1. Consider suggesting, even recommending that customer collateral (as long as you have agreement from your client) is "re-peated/Tweeted", shared, emailed, posted, etc. If your reference client has been brought into your program with the appropriate staging, advocating the wide-spread dissemination of a case study about your relationship with them brings them kudos and recognition as much as it brings to you.
2. Challenge your clients to comment, suggest, invite, "talk amongst themselves". The more open that you are in your digital conversation; the more you are perceived as honest, proactive, sincerely interested in the thoughts and input of your clients.
3. Shift the balance of content to externally appropriate and available. Not only will the advance your SEO goals, but for the more casual browsers among your potential clients, it affords a much broader and rich perspective of your relationships with your clients and your corporate persona than continuing to ask them to complete the "contact" exercise. I may be a little jaded, but I like to have a lot of context at my disposal prior to providing my contact information on a corporate website.
4. Hopefully, "they" are talking about you behind your back anyway. I have posted and re-posted, shared and re-shared this point, but our objective is to be the subjective of a digital conversation, whether we have "control" over it or not. My suggestion is that we provide enough juice for people to buzz about and then we follow some strategy regarding our interaction with the same. I propose that even predominantly negative commentary provides us with rich oppportunity for demonstrating our ability to face adversity, resolve problems for our clients, and truly shine.
5. Let it Go. If we are meeting and exceeding our customer service, delivery, SLA, develoment, customer relationship goals, then the conversation about us in the Twitterverse, Blogsphere, community and social media communities should be a wonderful resource for us to mine for our more traditional collateral efforts. Again, the social media and networking applications are TOOLS NOT STRATEGIES, so our efforts should continue to focus on the internal infrastructure, workflow, and teams that create and deliver products and services themselves, not on how to control the communication about them. Right? :)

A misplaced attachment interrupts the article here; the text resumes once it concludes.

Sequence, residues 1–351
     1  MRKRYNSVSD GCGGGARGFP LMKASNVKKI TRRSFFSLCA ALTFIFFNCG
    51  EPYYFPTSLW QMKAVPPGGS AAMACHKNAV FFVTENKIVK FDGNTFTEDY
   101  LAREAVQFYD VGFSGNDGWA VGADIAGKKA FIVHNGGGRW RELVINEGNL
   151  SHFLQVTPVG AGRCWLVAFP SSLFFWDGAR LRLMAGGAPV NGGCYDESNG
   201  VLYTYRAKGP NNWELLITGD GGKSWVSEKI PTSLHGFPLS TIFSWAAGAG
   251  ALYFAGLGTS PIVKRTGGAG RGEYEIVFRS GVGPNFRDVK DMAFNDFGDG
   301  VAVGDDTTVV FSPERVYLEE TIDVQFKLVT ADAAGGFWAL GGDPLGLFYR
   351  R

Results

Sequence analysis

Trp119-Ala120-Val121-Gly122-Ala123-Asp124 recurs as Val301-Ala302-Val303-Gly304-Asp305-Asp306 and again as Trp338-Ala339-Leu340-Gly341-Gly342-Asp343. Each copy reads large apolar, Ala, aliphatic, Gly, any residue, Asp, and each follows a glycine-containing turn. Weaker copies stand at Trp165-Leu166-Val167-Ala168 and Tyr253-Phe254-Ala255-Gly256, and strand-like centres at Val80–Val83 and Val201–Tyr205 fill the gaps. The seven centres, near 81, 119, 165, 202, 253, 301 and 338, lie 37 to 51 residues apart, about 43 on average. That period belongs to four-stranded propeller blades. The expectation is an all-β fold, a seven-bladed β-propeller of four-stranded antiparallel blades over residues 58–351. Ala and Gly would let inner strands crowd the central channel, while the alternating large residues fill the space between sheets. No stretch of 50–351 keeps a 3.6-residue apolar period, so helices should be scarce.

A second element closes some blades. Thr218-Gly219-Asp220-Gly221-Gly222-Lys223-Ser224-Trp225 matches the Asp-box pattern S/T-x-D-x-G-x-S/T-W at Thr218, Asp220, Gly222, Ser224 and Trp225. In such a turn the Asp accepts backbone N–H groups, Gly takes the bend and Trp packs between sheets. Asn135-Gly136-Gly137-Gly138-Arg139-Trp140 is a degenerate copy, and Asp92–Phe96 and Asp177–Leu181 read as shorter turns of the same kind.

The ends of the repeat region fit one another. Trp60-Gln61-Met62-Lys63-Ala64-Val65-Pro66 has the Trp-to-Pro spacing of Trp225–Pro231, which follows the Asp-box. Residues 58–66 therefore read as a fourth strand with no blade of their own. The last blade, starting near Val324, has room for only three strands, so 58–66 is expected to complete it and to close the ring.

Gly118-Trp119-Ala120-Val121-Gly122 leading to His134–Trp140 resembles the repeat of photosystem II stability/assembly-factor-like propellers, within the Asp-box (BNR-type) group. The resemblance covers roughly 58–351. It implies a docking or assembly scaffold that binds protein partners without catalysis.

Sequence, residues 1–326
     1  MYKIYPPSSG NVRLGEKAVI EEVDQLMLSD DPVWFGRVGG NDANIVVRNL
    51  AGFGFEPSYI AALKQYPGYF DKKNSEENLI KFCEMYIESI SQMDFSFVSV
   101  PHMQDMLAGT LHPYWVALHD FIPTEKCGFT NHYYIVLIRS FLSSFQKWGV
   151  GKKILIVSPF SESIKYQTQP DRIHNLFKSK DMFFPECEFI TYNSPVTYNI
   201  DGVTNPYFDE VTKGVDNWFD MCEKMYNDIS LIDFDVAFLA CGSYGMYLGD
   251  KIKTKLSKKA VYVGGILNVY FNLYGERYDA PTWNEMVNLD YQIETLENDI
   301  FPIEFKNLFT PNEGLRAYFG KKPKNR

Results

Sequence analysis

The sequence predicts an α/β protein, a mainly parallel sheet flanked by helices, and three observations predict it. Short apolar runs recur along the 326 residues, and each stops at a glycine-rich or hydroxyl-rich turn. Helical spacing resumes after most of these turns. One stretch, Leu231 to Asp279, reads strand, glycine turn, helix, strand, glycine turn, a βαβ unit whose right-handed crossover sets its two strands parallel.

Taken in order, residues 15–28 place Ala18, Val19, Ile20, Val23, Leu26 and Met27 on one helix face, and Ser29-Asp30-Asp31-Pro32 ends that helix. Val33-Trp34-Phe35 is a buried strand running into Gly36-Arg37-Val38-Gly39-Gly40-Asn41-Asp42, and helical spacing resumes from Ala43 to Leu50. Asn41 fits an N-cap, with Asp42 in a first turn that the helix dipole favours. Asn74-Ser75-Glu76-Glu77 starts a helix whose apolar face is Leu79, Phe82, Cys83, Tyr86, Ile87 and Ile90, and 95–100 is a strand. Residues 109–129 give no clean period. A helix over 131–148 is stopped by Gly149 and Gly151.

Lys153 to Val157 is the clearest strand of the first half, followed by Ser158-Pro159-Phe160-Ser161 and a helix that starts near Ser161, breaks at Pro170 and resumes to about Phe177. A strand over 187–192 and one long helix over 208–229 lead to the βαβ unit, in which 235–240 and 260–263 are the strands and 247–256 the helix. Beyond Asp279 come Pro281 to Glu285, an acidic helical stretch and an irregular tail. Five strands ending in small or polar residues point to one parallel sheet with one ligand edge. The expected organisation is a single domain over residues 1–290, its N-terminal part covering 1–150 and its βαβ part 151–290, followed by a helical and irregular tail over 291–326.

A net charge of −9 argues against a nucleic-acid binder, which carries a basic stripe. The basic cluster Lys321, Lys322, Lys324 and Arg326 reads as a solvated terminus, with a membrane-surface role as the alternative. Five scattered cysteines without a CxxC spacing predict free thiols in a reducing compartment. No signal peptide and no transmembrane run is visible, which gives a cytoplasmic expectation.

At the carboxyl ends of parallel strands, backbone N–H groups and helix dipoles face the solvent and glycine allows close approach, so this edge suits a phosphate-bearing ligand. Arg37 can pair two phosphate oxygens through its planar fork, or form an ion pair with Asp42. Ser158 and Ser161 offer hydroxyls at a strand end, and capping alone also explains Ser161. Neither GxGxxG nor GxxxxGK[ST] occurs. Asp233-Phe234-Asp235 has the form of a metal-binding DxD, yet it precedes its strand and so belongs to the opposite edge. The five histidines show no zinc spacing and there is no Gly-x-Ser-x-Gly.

Warmest regards,
Reblog this post [with Zemanta]

Wednesday, September 9, 2009

True Tales from The Twitterverse-Where did VZ Go?

In my last post, I shared, with some trepidation but more excitement, that Verizon had initiated a digital conversation with me via Twitter after an unfortunate phone-based customer service experience that I was reporting live. I've re-told this story a number of times in various environments over the last couple of weeks and have been hopeful that I would be able to report that a successful expansion of this digital dance between my internet/wireless/landline/ provider and myself. A brief re-cap:

I called the dreaded 800 number after discovering that my electronic VZ payment had not posted and I had inadvertently double-paid. I got lost and transferred and scared in customer service phone-land and began Tweeting the hold time, multiple transfers, and mounting frustration. The next day, VZ began following me on Twitter and we began "chatting".

Since our initial "introduction" Verizon and I have exchanged a couple of DM's and my ego was massaged by the following message and the fact that a Verizon FIOS technician began following me (we don't have FIOS in our little burg and I desperately want it!):

VZHelpNetworkThank you for your interest in our site. Please look at @Verizon as our SMN Strategy evolves.6:04 AM Sep 4th

Now, I'm in post-third-date-no-phone-call mode…..I know that I am one of millions served by Verizon, but I really thought we had some sparks. As Verizon is in trial-mode for their Twitter Help service, I assumed that they would be as excited about my willingness to openly and passionately share my thoughts and ideas with them. Big Sigh; lessons in humility learned; opportunity to re-affirm some basic Social Media and Networking principles for clients that I coach:

JOIN: In order to participate in a digital dialogue, you have to join the conversation. Verizon is clearly testing the conversational waters and I applaud their efforts here. Be present in the same conversational forums as your clients, prospects, and competitors.

INTRODUCE: Don't just wear the proverbial digital nametag; share some basic information about yourself beyond your name. Verizon "told" me why they were on Twitter and reaching out to me; all of us should do the same as we are reaching out to our various digital audiences.